What age does school start in France? 2 or 3?

(17 Posts)
wiggetywac Sat 26-Feb-11 14:25:28

Hi! I am new to this site so I hope I am posting to the right place.

My DH and I are thinking of moving to France with our 3 DCs. It may be that we move in time for the beginning of the school year in Sept 2012 or for the following year. If we went for next September my youngest would be 2.3 (and my oldest would be 5.6). I have been looking into the French school system and am confused as to whether school starts at 2 or 3 years. I gather that ecole maternelle is full-day Monday to Friday (excluding Weds) but is that from 3 years? If they go at 2 is it half days? Is that where the difference lies? I am very confused!


natation Sat 26-Feb-11 15:08:33

Schools years are on year of birth in France, although a few children are held back due to a late month of birth or moved forward due to early moth of birth, with co-operation of parents and school, even greater numbers are held back from primaire onwards due to failing and are obliged to "redouble" a year.

There are 3 years of maternelle or kindergarten, petite section (aged 3 on 1st January 2012 for September 2011 start), moyenne section (aged 4 on 1st January 2012 for September 2011 start) and grande section (aged 5 on 1st January 2012 for September 2011 start). A few children aged still 2 by 1st January are admitted into petite section, often only part time, depends on the school, I'm sure the discretion means it's those who are eldest who get priority for these places.

So in September 2011, your eldest would be still 5 on 1st January 2012 so would start in grande section in September 2011. Your youngest is almost definitely going to be too young to start at all in petite section in the school year September 2011 to June 2012 and would start in September 2012 in petite section.

Schools are either communal and free and you usually get told which communal school your children can attend according to your address, or Catholic and have small fees. Each region has and "académie" whic overseas schools in the area, a bit like a UK Local Education Authoirty (LEA) and hopefully has a website with lists of schools on it.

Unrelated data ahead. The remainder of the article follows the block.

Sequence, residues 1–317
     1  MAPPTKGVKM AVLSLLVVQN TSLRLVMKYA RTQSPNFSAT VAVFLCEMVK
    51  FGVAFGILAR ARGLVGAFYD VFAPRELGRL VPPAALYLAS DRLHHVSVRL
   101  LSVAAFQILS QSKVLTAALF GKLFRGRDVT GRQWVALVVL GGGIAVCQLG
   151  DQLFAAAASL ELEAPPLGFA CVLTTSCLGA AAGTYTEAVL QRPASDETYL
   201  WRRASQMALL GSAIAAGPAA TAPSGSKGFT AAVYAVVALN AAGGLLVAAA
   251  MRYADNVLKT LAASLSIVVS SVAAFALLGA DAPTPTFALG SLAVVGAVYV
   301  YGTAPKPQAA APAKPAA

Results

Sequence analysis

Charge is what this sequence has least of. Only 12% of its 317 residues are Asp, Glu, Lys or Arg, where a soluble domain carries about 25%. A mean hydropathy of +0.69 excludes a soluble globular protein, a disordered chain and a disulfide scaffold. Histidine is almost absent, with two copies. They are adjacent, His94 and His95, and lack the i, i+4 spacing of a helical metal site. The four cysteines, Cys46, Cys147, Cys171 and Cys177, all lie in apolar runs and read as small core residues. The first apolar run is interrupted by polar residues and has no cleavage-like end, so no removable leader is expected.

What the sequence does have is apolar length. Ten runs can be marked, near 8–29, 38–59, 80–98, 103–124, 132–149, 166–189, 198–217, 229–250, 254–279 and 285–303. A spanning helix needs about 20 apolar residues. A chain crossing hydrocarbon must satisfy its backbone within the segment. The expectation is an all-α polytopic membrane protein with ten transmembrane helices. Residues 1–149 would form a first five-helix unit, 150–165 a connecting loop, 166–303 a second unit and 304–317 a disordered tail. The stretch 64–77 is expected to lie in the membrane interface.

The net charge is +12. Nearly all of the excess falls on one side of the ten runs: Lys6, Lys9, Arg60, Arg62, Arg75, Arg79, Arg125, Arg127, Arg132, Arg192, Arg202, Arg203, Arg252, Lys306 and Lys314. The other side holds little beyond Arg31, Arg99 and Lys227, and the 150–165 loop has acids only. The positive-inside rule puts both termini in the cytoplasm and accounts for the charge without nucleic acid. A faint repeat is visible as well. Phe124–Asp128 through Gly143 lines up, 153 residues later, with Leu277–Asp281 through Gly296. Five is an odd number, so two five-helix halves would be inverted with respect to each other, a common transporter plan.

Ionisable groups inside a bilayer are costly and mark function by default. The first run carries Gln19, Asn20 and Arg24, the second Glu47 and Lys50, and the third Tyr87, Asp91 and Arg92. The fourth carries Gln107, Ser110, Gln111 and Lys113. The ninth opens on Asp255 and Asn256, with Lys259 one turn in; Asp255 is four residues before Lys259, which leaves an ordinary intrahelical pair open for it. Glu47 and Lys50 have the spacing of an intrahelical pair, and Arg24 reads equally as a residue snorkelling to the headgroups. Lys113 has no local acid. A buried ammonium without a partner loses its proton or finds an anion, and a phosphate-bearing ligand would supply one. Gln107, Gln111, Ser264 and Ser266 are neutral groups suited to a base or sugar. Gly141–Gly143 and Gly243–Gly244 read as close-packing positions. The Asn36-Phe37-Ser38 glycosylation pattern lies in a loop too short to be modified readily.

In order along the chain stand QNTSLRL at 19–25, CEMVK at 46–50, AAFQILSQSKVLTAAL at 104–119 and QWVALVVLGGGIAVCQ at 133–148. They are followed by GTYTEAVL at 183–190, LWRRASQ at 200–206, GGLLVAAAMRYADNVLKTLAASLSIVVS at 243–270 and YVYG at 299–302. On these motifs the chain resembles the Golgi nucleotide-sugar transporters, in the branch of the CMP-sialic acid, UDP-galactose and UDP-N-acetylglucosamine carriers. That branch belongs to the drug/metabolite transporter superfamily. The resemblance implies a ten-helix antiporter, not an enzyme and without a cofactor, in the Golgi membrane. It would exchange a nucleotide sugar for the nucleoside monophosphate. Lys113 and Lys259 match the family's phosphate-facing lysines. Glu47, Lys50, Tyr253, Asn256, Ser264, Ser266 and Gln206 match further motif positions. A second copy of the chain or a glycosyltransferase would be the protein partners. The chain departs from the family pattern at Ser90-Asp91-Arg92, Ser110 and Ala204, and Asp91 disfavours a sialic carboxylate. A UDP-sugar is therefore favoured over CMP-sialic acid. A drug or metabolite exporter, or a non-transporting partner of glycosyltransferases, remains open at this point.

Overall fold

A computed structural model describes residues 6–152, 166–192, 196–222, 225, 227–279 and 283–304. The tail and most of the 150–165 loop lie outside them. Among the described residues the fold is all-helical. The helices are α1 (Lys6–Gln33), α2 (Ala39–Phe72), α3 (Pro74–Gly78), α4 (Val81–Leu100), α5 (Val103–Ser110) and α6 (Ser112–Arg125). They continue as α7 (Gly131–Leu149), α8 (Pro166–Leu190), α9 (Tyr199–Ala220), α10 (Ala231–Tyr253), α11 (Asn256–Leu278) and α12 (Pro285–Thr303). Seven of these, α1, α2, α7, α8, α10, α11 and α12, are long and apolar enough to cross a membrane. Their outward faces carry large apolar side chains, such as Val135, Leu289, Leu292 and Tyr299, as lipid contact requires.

I think this is a pretty accurate response.... otherwise my apologies and someone will be along to correct me.

BriocheDoree Sat 26-Feb-11 18:52:34

Natation is correct. Also, all kids can go half or full days from petite section (kids who turn 3 that calendar year). Really it depends on whether or not you work. DD only went half days, DS does full days, but they sleep in the afternoon. There is no school on Wednesdays (or, at least, not until secondary) unless your kids are in private school.

SchrodingersCatFliesToOz Sat 26-Feb-11 19:00:03

In england the draw is in september, in france in december.
maternelles is from 2 and primary from 6.

SchrodingersCatFliesToOz Sat 26-Feb-11 19:01:40

Sorry (I type the wrong key)
Your youngest will be in maternelle (petite ) 1st year and your oldest in maternelle last year.

SchrodingersCatFliesToOz Sat 26-Feb-11 19:04:54

The one's who skip a year will be born in jan. The ones to double in dec, according to maturity at that age (or pushy parents). Further up, it will due to performances and abilities.
Again sorry for the multiple posts.

wiggetywac Sun 27-Feb-11 09:09:22

Thanks all! Very useful.

Just another quick question - if we went when my eldest was 6.5 do you think she would pick up French ok? It is unlikely she will have had French classes before we leave the UK

natation Sun 27-Feb-11 10:13:53

Our children arrived aged 10, 7 and 3, after 2 1/2 years the youngest 2 speak French more or less as a first language and English second now, the elder one speaks French as if he is a Spanish apparently!! Ok his French is not perfect but he is getting fine marks in secondary school.